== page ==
Springfield, MO: "Case highlights concealed carry weapons issues"

This is a discussion on Springfield, MO: "Case highlights concealed carry weapons issues" within the In the News: The Good, the Bad and the Ugly forums, part of the The Back Porch category; The city I live in A gun-wielding furniture store manager who foiled an alleged burglary over the weekend is glad she took the advice of ...

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Thread: Springfield, MO: "Case highlights concealed carry weapons issues"

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    Member Array opalelement's Avatar
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    Springfield, MO: "Case highlights concealed carry weapons issues"

    The city I live in

    A gun-wielding furniture store manager who foiled an alleged burglary over the weekend is glad she took the advice of friends this past winter and enrolled in a concealed carry weapons permit class.

    But as a brief dose of celebrity found Angela Mallard, 45, and her 65-year-old mother Marlene Woodman on Monday, a law enforcement official who teaches such permit classes expressed hope that citizens holding concealed weapons follow the law.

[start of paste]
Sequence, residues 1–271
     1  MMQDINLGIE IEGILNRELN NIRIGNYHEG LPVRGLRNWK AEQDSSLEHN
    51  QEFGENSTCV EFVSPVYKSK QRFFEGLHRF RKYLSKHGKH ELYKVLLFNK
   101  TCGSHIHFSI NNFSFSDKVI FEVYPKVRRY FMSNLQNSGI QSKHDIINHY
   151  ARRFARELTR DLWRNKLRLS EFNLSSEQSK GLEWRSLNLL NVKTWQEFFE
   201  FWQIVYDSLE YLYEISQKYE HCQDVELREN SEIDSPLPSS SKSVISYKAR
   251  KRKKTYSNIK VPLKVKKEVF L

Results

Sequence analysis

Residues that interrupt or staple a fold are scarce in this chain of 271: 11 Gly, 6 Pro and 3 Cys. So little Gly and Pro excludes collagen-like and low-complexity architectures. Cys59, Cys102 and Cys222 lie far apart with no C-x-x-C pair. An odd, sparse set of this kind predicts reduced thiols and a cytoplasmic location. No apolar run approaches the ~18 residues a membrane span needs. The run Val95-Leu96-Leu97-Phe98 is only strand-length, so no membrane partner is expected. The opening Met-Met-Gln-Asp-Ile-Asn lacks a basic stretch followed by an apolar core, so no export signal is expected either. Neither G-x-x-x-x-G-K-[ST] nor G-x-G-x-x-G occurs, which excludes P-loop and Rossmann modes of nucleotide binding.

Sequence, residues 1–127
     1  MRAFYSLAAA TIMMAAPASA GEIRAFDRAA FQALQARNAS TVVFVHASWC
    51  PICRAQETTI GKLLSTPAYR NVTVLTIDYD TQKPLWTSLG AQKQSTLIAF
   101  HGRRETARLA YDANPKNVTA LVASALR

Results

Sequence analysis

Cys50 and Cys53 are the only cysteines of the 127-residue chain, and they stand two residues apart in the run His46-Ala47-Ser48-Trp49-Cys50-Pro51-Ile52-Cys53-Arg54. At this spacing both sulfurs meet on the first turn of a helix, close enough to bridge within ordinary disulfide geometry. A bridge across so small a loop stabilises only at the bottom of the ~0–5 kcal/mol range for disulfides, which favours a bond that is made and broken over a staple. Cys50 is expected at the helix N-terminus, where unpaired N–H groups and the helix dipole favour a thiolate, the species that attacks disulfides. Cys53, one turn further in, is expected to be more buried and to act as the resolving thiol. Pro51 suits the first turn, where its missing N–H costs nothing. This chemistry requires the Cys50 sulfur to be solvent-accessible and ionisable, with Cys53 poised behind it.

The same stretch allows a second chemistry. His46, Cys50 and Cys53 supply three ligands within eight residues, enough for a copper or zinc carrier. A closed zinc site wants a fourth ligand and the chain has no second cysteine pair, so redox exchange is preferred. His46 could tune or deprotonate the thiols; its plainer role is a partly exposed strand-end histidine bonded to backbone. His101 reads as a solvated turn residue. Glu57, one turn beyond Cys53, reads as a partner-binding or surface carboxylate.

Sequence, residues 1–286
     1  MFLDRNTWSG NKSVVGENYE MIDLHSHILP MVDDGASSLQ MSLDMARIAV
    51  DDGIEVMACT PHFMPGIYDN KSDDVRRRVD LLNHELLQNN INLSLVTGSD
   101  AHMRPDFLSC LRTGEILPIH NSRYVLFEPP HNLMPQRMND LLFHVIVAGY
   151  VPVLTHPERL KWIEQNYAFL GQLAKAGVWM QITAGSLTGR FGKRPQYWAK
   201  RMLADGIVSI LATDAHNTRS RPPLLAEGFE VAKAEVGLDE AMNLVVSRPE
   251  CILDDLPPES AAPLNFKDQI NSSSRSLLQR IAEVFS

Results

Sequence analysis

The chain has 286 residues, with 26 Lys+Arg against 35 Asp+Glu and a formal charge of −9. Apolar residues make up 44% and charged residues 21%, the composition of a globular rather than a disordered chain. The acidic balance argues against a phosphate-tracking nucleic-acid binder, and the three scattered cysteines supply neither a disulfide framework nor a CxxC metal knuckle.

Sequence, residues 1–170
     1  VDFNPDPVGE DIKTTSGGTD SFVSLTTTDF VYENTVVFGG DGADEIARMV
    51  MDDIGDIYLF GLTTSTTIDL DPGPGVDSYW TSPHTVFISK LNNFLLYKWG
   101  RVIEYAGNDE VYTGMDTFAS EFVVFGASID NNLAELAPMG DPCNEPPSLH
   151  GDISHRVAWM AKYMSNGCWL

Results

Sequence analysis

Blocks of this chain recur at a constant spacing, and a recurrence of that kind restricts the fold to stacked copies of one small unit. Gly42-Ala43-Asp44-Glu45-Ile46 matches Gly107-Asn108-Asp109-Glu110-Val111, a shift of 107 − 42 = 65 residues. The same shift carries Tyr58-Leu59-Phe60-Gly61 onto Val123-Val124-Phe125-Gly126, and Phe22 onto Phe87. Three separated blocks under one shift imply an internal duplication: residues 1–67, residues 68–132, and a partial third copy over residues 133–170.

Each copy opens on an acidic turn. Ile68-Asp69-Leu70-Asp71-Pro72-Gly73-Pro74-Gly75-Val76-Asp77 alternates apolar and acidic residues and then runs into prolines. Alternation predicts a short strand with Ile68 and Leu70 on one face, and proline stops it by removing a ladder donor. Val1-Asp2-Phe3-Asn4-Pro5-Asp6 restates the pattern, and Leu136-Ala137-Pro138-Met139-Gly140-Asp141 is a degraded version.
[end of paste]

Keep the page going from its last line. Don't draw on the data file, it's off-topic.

"Missouri is like 48 other states, except the state of Texas, that does not allow deadly force in defense of property," said Randy Gibson, a captain in the Greene County Sheriff's Department. "Property is property. It doesn't matter if it's a $5 purse or a $5,000 purse. It's still property."

    The News-Leader sought clarity on the law from Gibson, who agreed to speak only in generalities and not specifically about this case since Springfield police, not the sheriff's department, is investigating the incident as a burglary.

    It all happened around lunchtime Saturday at Smart Buy Home Furnishings, 2845 W. Chestnut.

    Police arrested a 58-year-old man and his 45-year-old brother after Mallard held the two at gunpoint.

    Woodman said the older man sneaked into a lunch room behind the main counter near the back of the store while she showed pieces of furniture to a new customer, not realizing that the man was his brother.

    Mallard returned from lunch and found the older man in the lunch room, then hollered at her mother to hurry to Mallard's car to retrieve a .380 pistol.

    Neither man apparently tried to flee but agreed to sit in the lunch room even before Mallard had the gun in her hand, the store workers said.

    Mallard said she earned a concealed carry permit in January.

    Gibson has taught 93 concealed weapons permit classes at Bass Pro Shops in the past six years and is well-versed in Missouri Revised Statute 563.031.

    "We spend about an hour of the eight-hour class discussing this very issue," Gibson said.

    The statute states that deadly force can be used when a victim is defending himself but that someone cannot discharge a gun simply to protect physical property.